A question was asked about whether we might be informed about potential CRADAs before they are finalized so that we could comment on them. Mr. Beck had no information on how to comment on them, but suggested two people who might be contacted about commenting on future CRADAs. Other agencies (such as the U.S. Department of Education) could and should have been contacted about providing funding support. (Minutes submitted by Linda Zellmer)

Natural Resources Conservation Service
William Effland, U.S. Department of Agriculture

William (Bill) Effland’s presentation discussed the background, uses and selected examples of various digital soil survey products produced by the USDA Natural Resources Conservation Service.

He stated that he would speak about (1) some digital soil survey information; (2) several sources of digital soil information that are available or are being developed; (3) advantages of that information; and (4) how the Agency is working to deliver that information to customers. Additionally, he mentioned future research and application directions of the Soil Survey Division by discussing some landscape analysis projects that he has worked on since transferring to the Division in January, 2003.

Dr. Effland explained that the USDA Natural Resources Conservation Service (NRCS) was formerly known as the Soil Conservation Service until about 1994. He noted that he works in the Soil Survey Division, with background and training as a soil scientist. Dr. Effland remarked that he is currently employed as a landscape analyst in the Agency’s 10,000 employees. About 900 of those employed are in the Soil Survey Division, where 45-50% of the workforce is expected to retire in the next five years. He stated that digital soil resource information provided one of the foundation layers for modern natural resource appraisal, analysis and interpretation.

National Cooperative Soil Survey (NCSS)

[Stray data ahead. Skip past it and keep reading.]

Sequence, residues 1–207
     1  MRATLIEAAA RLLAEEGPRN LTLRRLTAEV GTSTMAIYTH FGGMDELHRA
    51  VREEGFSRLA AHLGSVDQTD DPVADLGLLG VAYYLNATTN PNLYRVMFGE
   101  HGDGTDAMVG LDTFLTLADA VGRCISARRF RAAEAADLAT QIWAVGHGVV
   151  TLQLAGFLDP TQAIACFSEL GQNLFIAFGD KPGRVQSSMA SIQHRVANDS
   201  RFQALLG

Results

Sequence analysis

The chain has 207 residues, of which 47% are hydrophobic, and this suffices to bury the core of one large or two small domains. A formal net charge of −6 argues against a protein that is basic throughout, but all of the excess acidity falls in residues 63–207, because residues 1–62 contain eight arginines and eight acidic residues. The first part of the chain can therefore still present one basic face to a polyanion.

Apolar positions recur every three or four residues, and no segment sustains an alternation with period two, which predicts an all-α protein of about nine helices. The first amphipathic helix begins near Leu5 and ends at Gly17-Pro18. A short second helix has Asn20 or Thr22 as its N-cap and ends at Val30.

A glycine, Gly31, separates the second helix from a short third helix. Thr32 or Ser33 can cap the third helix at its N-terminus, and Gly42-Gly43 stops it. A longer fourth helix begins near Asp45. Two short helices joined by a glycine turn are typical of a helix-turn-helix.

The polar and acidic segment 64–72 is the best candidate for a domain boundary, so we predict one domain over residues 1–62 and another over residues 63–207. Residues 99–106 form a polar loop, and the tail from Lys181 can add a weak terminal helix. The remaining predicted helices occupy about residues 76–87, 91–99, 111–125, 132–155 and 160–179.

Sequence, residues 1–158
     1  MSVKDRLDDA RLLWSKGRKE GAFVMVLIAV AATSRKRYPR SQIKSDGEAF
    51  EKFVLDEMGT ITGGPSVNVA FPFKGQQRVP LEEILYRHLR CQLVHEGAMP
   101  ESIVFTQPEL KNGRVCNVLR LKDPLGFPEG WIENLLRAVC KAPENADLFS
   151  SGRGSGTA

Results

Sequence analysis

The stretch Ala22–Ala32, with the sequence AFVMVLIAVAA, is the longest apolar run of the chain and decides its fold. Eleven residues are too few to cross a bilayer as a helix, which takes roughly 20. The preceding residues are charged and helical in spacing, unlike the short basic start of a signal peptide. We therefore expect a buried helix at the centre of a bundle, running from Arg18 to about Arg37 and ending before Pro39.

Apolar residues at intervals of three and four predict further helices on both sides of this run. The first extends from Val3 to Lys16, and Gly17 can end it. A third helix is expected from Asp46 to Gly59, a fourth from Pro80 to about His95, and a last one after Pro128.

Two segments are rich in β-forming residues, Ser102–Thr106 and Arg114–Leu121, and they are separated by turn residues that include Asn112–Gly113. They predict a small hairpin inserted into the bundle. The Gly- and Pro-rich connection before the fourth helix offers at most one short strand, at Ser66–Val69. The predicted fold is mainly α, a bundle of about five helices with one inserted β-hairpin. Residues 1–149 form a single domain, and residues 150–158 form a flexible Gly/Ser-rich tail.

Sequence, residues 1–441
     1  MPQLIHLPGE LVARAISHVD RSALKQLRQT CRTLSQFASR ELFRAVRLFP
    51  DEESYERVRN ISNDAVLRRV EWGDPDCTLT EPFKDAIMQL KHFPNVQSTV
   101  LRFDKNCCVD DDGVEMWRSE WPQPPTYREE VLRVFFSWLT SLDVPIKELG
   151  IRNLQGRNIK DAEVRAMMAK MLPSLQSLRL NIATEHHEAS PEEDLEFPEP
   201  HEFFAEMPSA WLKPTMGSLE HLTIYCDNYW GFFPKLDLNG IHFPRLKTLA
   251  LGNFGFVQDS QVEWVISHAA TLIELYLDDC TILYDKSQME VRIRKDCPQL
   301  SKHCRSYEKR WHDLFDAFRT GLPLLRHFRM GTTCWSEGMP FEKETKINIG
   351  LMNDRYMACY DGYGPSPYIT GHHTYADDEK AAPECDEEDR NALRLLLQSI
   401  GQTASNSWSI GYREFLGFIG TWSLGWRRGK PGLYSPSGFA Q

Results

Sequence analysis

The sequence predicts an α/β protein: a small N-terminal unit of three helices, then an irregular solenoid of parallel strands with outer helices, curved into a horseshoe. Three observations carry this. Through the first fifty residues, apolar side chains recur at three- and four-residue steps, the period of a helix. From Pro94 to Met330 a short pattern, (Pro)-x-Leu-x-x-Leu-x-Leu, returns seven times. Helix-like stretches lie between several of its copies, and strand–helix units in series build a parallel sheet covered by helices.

Dr. Effland stated that the National Cooperative Soil Survey is the key to the soil survey programs that exist throughout the United States. However, there are at least three components of cooperative soil surveys: the state, the county, and the federal government. These partners should be kept clearly in one’s mind when discussing soil survey information. The NCSS has many partners (e.g., federal agencies, state agencies, county agencies, land grant universities and private entities), with USDA/NRCS designated by Congress as the lead federal agency for soil survey programs. Some federal agency partners include the US Forest Service, the Bureau of Land Management and the National Park Service, including work on mapping soil resources for the national parks. There are also numerous NCSS partners with State Agencies. Dr. Effland stated that funding for the soil survey program varies from state to state. Each state has its own structure with respect to funding soil survey and how specific information is collected even though there is the broad umbrella of the NCSS, which provides a standardized format. Funding for the soil survey program is obtained through the various NCSS partners. In some states, historically soil survey work was 1/3 funded by the federal government, 1/3 by the states and 1/3 by the counties; in other states, it was primarily funded by the county government, with smaller contributions from the federal and state agencies. He continued his discussion of NCSS partners by stating that the Land Grant Universities are also collaborators who conduct soil science research and participate in field reviews. University cooperators help with the quality assurance of soil survey information. These universities are also an important component as far as research and development of technology for improving soil survey. In some areas, they helped develop the various soil landscape models that are applied as conceptual tools to identify and delineate different soils in the real world.

Another NCSS partner is groups such as the soil conservation and water conservation districts, which are legislative bodies formed at the county level. Typically, a single county will have a soil conservation district. These distinct groups were formed to give local advice on how to help direct the soil survey program. The last group he mentioned was various private entities, noting that some industry groups also serve as partners.

Dr. Effland concluded this section by reminding the group that the National Cooperative Soil Survey is a long-standing collaborative partnership and that “this collaborative working relationship directly influenced the direction and development of soil survey throughout the United States.” Digital Soil Survey Products